"It's like Japanese people in Houston trying to create a hip New York Japanese place, but in Houston."
That was Kenny Lao's first impression of Kobe Club, where we ate last night.
Actually, that was his second impression; his first was a shortness of breath that he thought might be an allergic reaction to something.
What can you say? It's a high-concept, Jeffrey Chodorow place. It's dark and masculine, with a stingray-skin bar in the front, some feng-shui-like twists and turns into the dining room, and design elements evoking all sorts of things. Leather fringe and Samurai swords hanging from the ceiling alluded to beef and Japanese culture, perhaps, although when combined with the dark walls, the designer chain-mail napkin rings, the video of a roaring fire along one wall, it evoked a dungeon, or maybe Hell, or ...
"It's a little S&M," I suggested.
"A little?" Kenny said.
I recommend eating out with Kenny, the teatotalling yet hedonistic young owner of Rickshaw Dumpling Bar.
I met him at the pre-Beard Awards party, "Chefs' Night Out," at Ono two or three years ago, shortly after Rickshaw had opened — before that he worked for Drew Nieporent's Myriad Restaurant Group. At Chefs' Night Out he pointed out with surprise that his steamed dumplings were outselling the fried ones by a substantial margin, which we both knew was statistically unusual, because Americans love fried things.
He's smart and fun, and periodically people stop him on the street because they saw him in the MTV documentary First Year. A lot of people watch that show.
He had a Caesar salad and a big hunk of USDA Prime rib-eye for dinner. I had raw hamachi dressed with scallion, pineaple salsa and ponzu followed by a four-ounce strip each of American and Australian wagyu beef.
Dessert was baked Alaska and chocolate "caviar" — tiny malt balls in chocolate cream, served with little sweet blinis.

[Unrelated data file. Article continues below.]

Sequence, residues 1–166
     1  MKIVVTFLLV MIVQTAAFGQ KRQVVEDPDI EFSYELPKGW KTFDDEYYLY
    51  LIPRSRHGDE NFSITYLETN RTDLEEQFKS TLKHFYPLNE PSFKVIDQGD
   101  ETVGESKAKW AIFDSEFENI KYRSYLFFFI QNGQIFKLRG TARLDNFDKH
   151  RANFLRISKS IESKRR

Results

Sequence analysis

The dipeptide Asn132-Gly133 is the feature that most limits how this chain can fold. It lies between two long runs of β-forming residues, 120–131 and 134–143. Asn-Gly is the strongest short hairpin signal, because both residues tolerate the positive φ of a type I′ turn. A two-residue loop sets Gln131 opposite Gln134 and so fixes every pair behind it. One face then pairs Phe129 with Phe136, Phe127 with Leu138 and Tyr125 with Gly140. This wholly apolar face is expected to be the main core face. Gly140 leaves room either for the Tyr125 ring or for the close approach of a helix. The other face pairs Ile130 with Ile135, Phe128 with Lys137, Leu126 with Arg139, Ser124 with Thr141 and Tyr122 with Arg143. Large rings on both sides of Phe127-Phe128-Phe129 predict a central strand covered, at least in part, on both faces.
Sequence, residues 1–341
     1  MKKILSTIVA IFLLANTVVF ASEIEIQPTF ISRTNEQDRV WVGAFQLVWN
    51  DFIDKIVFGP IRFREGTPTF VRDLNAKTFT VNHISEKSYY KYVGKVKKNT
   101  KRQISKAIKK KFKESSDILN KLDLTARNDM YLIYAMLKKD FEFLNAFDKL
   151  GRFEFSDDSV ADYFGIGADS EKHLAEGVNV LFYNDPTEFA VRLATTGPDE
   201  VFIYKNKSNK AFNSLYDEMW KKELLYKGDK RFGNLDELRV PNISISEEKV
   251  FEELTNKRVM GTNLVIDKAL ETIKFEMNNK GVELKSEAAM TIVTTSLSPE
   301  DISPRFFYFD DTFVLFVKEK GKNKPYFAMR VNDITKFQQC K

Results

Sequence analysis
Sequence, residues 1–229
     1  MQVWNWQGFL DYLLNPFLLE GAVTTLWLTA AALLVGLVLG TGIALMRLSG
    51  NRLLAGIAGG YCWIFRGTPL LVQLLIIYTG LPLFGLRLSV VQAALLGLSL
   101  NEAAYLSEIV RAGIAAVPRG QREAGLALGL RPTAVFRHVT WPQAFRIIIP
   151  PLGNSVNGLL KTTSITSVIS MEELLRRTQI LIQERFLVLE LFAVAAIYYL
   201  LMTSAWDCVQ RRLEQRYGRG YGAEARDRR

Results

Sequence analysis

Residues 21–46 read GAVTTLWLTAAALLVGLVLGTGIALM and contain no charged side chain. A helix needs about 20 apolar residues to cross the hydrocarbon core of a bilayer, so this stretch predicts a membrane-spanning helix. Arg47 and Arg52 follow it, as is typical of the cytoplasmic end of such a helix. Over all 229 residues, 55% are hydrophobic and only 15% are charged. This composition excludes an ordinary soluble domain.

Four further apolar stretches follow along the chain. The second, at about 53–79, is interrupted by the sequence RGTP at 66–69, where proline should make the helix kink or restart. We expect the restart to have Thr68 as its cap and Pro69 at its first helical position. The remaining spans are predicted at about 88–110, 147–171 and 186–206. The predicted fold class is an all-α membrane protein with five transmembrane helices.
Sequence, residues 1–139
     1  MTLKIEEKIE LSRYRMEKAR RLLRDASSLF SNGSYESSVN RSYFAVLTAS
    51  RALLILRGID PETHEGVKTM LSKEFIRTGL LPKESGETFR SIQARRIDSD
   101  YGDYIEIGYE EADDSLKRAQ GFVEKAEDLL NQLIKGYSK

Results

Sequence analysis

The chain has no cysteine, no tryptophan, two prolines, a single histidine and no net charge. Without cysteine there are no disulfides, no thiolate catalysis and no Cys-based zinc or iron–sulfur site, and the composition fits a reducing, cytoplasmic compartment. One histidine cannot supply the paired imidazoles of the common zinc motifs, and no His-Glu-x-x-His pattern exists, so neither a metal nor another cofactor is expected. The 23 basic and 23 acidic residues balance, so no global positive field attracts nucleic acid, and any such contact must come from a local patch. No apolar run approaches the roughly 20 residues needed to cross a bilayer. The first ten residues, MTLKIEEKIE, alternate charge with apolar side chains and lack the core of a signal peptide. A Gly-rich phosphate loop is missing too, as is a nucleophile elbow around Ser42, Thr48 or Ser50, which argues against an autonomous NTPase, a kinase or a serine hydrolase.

Then we looked at the holiday windows at Bergdorf Goodman and elsewhere and took the subway to the East Village, where Kenny lives. Before we parted ways he pointed me to Detour, a bar that was just taken over by a former Myriad colleague of his, Robert Larcom, and Devin Tavern manager Gregg Nelson.
I swung by, had a Newcastle Brown Ale and chatted with Robert about his plans. Detour was a jazz bar, but earlier the space had been a Mexican restaurant, so there's a "huge" kitchen in the basement that he will use to transform the restaurant into a "gastrosaloon."
"Ooh, 'gastrosaloon!'" said restaurant consultant and beverage expert Jerri Banks about an hour later, when I chatted with her at Steve Olson's annual industry-only sherry party, at Suba this year.
Jerri was shopping for her new retail shop, Pour. Both she and Steve expressed uncommon enthusiasm for the concept of a gastrosaloon, which would be a gastropub, but more American.
But what was really great was that neither one of them had any idea that Robert and Gregg were opening their own place, which meant I had a nice little New York City scoop.
Here's another one: Hearth chef Marco Canora is redoing the space at the Michelangelo Hotel that once was Limoncello.
You can read more about that and the gastrosaloon in tomorrow's New York Sun.
The thing about most restaurant people, as well as the consultants, beverage salespeople and other hangers-on like me, is that they're gregarious, friendly people who regret leaving parties before they end, so several people at the party made parting remarks as they prepared to leave and somehow still were there an hour later.
I managed to escape at around 1:30.